Many people opposed to Covid restrictions point to the example of Sweden, a country which at the beginning of the pandemic avoided introducing a compulsory lockdown, and instead issued voluntary distancing advice.
However, Sweden is a very different country to the UK and has characteristics that may have helped it during the pandemic.
It has a lower population density, and a high proportion of people live alone. The capital, Stockholm, is also less of an international transit hub than London.
When compared to other Scandinavian countries with similar population profiles, Sweden has fared much worse and recorded a significantly higher number of deaths than its neighbours, all of which have had tougher restrictions during much of the pandemic.
It is hard to separate all the factors that might have caused this, but the absence of strict lockdown measures is likely to have contributed.
There's also no evidence that Sweden's economy did any better than its neighbours.
Although Sweden chose not to lock down early in the pandemic, with bars, restaurants and shops remaining open, increasingly tighter legally-binding restrictions have been imposed over the last five months.
These include a ban on public gatherings of eight or more people, limits on numbers in stores, gyms and on bookable public transport and a stop on serving food and drink after 20:00.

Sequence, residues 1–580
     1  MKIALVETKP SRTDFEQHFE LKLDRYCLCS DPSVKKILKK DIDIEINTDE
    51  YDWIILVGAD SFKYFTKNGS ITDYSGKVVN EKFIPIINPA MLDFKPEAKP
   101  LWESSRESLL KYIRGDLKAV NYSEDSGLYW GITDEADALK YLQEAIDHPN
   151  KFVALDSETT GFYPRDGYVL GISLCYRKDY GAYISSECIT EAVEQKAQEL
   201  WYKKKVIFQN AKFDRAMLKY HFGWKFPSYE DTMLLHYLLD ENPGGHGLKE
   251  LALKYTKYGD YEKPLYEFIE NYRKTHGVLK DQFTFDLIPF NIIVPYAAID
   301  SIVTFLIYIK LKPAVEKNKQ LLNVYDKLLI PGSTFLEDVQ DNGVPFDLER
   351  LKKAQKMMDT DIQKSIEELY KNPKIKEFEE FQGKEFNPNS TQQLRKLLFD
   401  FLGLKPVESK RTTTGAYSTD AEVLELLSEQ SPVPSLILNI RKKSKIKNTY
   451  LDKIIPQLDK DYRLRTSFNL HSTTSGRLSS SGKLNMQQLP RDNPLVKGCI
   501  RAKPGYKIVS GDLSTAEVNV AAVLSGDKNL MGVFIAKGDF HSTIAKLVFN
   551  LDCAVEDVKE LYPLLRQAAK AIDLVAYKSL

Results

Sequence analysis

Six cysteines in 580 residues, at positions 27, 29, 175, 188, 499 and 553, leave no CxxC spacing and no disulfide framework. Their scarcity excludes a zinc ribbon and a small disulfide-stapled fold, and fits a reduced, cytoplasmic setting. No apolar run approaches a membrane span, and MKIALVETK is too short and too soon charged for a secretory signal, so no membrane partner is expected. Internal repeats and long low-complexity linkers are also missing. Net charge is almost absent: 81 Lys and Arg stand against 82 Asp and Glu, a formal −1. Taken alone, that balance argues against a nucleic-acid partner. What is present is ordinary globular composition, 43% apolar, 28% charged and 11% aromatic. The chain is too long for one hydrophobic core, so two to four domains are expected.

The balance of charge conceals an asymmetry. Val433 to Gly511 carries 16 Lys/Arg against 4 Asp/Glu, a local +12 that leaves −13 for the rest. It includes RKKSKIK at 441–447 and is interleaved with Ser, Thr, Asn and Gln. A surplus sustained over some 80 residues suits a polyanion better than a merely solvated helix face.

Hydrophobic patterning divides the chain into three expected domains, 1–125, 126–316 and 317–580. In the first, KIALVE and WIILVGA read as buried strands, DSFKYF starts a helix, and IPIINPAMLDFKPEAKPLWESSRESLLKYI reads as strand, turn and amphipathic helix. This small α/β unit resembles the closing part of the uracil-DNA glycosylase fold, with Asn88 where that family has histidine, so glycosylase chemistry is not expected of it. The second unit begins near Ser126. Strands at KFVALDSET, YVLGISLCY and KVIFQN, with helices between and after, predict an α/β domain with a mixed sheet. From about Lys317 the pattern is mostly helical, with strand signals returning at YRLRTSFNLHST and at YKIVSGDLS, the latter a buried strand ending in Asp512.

Daily reported deaths have been falling since early January, but the infection rate remains high.
Claim: "There was no pressure on the NHS all winter"
Verdict: Hospitals were very busy, particularly over the winter months, but the NHS has been able to cope, largely because of restructuring and lockdown restrictions.
The strain on critical-care beds has been acute, along with the specialist staffing required.
The number of adults in critical care was far higher than previous winters. In the last week of January 2021, some 2,000 more critical care beds a day were occupied in England compared with the previous year.
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Some non-Covid-related care has been shelved temporarily, and wards have been restructured to ensure the virus doesn't spread, which inevitably means fewer beds are available.
In some hospitals, overall occupancy rates might have appeared lower than expected, but there's been a big effort to ensure enough spare capacity to cope with surges in coronavirus cases.
Coronavirus has also had a big impact on staffing, with large numbers off sick or self-isolating.
Claim: "With PCR, if you do it well you can find almost anything in anybody"
The PCR (polymerase chain reaction) test is considered the most reliable way to detect coronavirus.
The process was invented in the 1990s, long before Covid appeared, by Californian scientist Kary Mullis. At a public event, he once said: "With PCR, if you do it well you can find almost anything in anybody."
This has since been used to discredit PCR testing for Covid, but these criticisms are unfounded.
Mr Mullis was referring to the high level of sensitivity of his test.
PCR testing can pick up a tiny amount of virus, so it is possible for someone to get a positive result if they go for a test days or weeks after an infection and are not actually infectious any more.
However, this is unlikely to have a significant effect on the number of cases, and people tend to have a test when they have symptoms.